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Wednesday, September 7, 2011

Wednesday Writer Club: Is fear affecting your writing?

Last Wednesday Writer Club I mentioned Stephen King's great book On Writing. It's only one of many books that I turn to for guidance and inspiration.

So in a sub-feature section, I plan on pulling quotes from some of these books that I find especially meaningful to where I am as a writer (and you'll hopefully find useful as well).

Today's quote comes from a brief section on grammar in King's book (don't worry, we won't be diagramming sentences...even if I do find that a little fun). Instead it takes and interesting view on how fear in our writing can affect even the language and structure that we chose:

"I'm convinced that fear is at the root of most bad writing. If one is writing for one's own pleasure, that fear may be mild--timidity is the word I've used here.  If, however, one is working under deadline--a school paper, a newspaper article, the SAT writing sample--that fear may be intense.  Dumbo got airborne with the help of a magic feather; you may feel the urge to grasp a passive verb or one of those nasty adverbs for the same reason.  Just remember before you do that Dumbo didn't need the feather; the magic was in him." King, On Writing, pg 127.
 I know I'm guilty of this.  Especially when I'm still feeling my way through a story, or getting to know the characters, or simply afraid to dive in.  When I'm in those spots, I tend to write like this:

Karen angrily stomped across the room, and tossed her hair wildly.  "I can't believe you would do that." she said disbelievingly.

Sometimes sentences like that are enough to make me want to throw in the towel.  My particular fear-writing crutches are lots and lots of adverbs.  I just can't believe that my poor little verbs can make it on their own, so I prop them up with so much filler.

But, once I get over that place of fear (fear of "is this story stupid?", "will anyone besides me like this", or "is it even worth the effort?"), I find myself naturally shedding those extra words.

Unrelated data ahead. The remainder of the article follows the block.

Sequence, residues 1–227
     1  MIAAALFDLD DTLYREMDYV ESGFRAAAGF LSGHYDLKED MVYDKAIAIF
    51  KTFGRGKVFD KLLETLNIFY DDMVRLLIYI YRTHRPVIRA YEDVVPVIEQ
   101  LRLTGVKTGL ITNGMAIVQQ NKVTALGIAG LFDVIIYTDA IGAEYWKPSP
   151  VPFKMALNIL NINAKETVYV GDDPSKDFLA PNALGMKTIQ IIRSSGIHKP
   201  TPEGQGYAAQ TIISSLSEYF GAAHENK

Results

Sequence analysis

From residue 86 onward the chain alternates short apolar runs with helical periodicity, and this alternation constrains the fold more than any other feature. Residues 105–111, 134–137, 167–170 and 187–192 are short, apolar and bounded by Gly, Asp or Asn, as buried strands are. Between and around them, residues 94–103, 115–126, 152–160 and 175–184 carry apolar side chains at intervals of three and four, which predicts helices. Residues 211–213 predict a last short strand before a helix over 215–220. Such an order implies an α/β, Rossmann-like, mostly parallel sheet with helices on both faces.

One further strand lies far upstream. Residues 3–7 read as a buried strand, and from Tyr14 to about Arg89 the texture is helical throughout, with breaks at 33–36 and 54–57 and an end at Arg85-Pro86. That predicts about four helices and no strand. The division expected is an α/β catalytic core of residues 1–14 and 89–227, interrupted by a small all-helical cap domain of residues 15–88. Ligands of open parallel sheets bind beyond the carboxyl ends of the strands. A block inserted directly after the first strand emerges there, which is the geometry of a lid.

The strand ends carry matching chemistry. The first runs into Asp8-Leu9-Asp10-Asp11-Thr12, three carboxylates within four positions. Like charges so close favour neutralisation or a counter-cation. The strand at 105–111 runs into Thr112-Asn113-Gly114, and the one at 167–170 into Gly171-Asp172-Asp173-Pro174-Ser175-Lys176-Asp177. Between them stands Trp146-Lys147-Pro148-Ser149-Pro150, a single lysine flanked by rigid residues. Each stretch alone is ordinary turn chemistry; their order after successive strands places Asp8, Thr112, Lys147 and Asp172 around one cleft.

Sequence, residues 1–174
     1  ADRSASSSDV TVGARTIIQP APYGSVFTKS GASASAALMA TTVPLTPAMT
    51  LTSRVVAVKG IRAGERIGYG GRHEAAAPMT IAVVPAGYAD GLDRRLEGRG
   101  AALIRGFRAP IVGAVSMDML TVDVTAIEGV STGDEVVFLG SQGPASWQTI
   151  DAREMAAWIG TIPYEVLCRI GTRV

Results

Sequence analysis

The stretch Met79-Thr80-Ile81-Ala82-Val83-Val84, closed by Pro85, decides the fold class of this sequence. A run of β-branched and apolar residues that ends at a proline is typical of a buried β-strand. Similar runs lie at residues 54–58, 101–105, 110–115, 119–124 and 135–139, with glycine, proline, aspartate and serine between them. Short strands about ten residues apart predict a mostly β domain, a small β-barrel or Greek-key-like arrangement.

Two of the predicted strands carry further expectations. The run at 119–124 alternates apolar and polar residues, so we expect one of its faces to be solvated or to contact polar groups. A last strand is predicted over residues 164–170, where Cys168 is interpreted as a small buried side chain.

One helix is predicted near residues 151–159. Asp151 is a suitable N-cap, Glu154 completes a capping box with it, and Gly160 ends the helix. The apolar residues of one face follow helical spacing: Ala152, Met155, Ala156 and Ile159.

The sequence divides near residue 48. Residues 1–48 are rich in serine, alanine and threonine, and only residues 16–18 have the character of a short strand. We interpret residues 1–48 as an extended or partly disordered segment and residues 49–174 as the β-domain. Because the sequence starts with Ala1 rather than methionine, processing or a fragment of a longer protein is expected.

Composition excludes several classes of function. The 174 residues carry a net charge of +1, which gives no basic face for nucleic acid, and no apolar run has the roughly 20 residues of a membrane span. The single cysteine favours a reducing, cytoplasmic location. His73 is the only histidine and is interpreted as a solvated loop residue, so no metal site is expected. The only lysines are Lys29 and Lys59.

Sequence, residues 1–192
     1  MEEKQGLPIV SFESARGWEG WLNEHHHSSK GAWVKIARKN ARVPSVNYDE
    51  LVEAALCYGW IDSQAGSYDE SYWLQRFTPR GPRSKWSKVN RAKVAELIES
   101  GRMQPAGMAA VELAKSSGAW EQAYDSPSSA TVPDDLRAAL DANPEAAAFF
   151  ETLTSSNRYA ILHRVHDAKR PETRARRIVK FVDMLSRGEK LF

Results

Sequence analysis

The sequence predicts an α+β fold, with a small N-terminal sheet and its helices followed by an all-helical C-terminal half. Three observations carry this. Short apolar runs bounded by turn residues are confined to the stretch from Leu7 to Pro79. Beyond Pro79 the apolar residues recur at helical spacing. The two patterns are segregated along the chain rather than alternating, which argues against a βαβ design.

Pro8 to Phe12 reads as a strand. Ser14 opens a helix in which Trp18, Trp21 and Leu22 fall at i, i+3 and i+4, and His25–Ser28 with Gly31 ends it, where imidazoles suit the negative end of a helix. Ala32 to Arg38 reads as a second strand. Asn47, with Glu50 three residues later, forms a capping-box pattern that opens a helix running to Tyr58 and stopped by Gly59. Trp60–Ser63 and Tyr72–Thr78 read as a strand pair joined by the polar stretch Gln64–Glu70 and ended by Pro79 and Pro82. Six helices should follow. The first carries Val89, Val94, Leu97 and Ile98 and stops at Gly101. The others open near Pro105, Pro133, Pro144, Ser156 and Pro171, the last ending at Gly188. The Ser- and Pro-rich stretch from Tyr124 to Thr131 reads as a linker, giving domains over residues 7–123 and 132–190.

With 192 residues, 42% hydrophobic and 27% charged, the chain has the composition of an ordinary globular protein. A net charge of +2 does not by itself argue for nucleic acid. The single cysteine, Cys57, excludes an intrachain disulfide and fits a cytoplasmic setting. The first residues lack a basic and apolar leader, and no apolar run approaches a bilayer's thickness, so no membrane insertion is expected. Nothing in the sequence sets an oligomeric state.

When we write out of a place of fear, our writing suffers.  This is why things like NaNo, Writing at Gunpoint, and Write or Die are such great places of inspiration.  They help get the fear out of the way and let your writing free.

How does fear manifest in your writing?  How do you get rid of it?

4 comments:

Miranda Hardy said...

I fear not being accepted. I'm afraid of putting my writing out there and having everyone hate it. But...I know it's important to overcome this fear. I also know not everyone will like it, but I'll have a few that will like it. My writing partner stays on top of me. She won't let my writing sit.

Kari Marie said...

I posted about fears this week as well. They can be so debilitating. I love King's book. This is a great quote. I should read it again this year.

Deborah Walker said...

How interesting. You know I've never thought about it. Fear. Fear. Ah, yes, I've got one. I don't like letting other people crit my work. Yikes it's a big one. I'm happy to send it to editors, no problems there. But to people I know, not so much.

Ah, man. Now I've admitted it I feel obliged to do someting about it. Ah, man.

Deborah Walker said...

Hoorah. You post has inspired me. I got something critted last week. It was great.

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